This month, I spoke by telephone with Adam Baumgold (also known as Ace – I have it on good authority that he is a helluva tennis player), owner of the Adam Baumgold Gallery on East 79th Street in New York and judge for our upcoming Bendheim show. You can check out his website at www.adambaumgoldgallery.com. I found the conversation to be very charming in that several people dropped by the gallery as we were talking, including an artist wanting to introduce his work, and Ace dealt with all of us, all at once, with such grace, openness and good humor. It is hard to convey this aspect in a written interview – it felt more like a movie – so I can only set the scene for you. Suffice it to say, it was a true pleasure to speak with yet another person who loves what he is doing and thrives on art.
Shauna: Good morning, Ace, and welcome. Let’s dive right in and talk about how you got started in the gallery business.
Ace: I was an Art History major at Columbia University and started collecting art. I became a private art dealer and established the gallery in 1993. The gallery is small but efficient for the work I exhibit.
Shauna: And you deal in exclusively contemporary art?
Ace: Yes. I exhibit work by both established and emerging artists.
Shauna: What excites you in contemporary art?
Ace: I am interested in a broad spectrum of work – a much wider range than is displayed in the gallery and on my website. I like things that are not from any particular school or movement. Things that are idiosyncratic, hard to define and not firmly rooted in any particular time period are intriguing to me.
Shauna: What about color?
Ace: Well. I love color, of course, but I am not crazed about it like some other people. I have lots of drawings and black and white stuff in the gallery. I am attracted to the formal qualities in art.
Shauna: I noticed there are lots of drawings and humorous pieces on your website.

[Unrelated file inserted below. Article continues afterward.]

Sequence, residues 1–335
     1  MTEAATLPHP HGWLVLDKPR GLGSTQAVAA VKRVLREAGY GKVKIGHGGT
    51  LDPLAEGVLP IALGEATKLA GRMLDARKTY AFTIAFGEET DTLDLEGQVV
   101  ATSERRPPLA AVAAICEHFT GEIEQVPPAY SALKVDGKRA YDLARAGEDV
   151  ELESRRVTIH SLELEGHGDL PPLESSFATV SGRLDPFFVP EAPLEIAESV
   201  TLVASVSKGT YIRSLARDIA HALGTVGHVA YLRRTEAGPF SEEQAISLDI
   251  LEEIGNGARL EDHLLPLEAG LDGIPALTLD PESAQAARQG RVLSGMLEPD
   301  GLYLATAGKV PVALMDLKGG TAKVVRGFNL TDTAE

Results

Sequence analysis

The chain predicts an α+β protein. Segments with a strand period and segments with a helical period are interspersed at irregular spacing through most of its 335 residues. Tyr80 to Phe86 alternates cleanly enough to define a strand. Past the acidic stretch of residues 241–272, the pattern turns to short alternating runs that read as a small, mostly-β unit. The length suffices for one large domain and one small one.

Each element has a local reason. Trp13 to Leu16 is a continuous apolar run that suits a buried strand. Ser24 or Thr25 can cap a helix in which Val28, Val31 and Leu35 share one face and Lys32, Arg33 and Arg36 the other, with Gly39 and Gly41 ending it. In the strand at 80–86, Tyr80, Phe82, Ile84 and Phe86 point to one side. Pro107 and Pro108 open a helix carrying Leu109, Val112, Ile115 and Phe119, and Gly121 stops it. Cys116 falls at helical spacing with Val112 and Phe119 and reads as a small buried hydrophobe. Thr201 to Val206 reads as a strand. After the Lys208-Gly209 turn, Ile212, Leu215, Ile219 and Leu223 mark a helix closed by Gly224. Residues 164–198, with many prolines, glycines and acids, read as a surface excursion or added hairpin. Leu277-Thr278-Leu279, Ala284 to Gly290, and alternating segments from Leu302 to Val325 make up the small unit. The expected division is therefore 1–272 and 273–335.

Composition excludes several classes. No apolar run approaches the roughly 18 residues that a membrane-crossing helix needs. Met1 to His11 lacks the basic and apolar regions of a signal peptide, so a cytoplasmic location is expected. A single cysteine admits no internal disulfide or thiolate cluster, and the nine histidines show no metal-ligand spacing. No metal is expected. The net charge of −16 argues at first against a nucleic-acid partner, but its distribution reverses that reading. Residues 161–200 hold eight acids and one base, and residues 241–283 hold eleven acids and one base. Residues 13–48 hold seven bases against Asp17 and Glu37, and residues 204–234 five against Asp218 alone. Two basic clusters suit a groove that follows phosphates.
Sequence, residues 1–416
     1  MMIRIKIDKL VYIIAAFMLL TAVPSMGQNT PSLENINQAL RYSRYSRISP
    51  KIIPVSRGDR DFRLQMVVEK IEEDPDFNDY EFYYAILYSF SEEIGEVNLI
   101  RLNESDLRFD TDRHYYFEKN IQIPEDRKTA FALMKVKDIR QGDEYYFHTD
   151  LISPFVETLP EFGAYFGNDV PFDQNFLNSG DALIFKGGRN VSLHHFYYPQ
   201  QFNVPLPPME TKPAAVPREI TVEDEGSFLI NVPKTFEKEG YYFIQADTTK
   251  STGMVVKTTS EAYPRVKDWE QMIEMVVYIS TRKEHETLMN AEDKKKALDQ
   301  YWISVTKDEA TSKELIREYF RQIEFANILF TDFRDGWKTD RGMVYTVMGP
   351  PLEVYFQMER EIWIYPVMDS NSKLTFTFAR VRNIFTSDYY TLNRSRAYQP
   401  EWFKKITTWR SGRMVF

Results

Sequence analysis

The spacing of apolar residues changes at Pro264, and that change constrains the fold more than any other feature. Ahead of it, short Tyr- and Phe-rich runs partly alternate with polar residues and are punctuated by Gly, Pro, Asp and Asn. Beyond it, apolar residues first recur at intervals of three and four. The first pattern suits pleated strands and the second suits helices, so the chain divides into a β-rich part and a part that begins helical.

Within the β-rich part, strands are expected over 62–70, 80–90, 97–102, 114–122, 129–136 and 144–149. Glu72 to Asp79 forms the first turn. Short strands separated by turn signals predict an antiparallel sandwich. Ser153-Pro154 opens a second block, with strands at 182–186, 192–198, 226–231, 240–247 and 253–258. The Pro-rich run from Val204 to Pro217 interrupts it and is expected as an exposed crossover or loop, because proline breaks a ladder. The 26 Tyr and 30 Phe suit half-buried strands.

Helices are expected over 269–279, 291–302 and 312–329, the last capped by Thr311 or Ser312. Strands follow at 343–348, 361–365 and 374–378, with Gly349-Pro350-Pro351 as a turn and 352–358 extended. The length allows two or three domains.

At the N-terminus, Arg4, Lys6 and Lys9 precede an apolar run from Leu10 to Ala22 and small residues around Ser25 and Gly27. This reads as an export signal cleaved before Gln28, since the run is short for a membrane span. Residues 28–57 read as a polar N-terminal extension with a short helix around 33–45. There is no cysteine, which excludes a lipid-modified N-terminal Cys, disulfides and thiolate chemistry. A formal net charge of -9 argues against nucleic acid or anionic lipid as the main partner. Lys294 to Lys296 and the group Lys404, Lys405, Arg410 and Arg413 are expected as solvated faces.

Ace: I like a drawing if it is well executed and has wit and humor - intelligence, really. Also, some sort of narrative content is important to me. For example, Saul Steinberg's drawings are an embodiment of the above listed qualities.
Shauna: If you could put together a “dream collection” for yourself, what would be in it?
Ace: (LONG pause.) (Laughs.) That’s a tough one and maybe I’ll pass on it. There are always those nasty budgetary constraints… there are things that one can look at, even for a long time, and then tire of them. I am happy enough to go visit my favorites in museums. But, maybe I’ll take a small, general crack at the question…. (another LONG pause) My collection would be very diverse and made up of things that touch me or interest me on a deep, emotional level. There would be a narrative content throughout, and all the works would show the individualistic hand of the artist. Yes, that’s it.
Shauna: Wow. I should ask this question more often!
Shauna: What do you find to be most enjoyable in your work?
Ace: I think putting on the exhibitions is the most interesting. They change every five to six weeks and I do eight solo and two theme group shows per year. I enjoy the installation process a lot – working with the artists and watching the show develop. The artists often come in from out of town or overseas and it is a pleasure to spend time with them. The critical reaction to the shows is also interesting. It brings me great satisfaction when an artist receives acclaim or gets into a good collection, private or public. That’s really what motivates me.
Shauna: You said you do two group, theme shows every year. How do you choose the themes?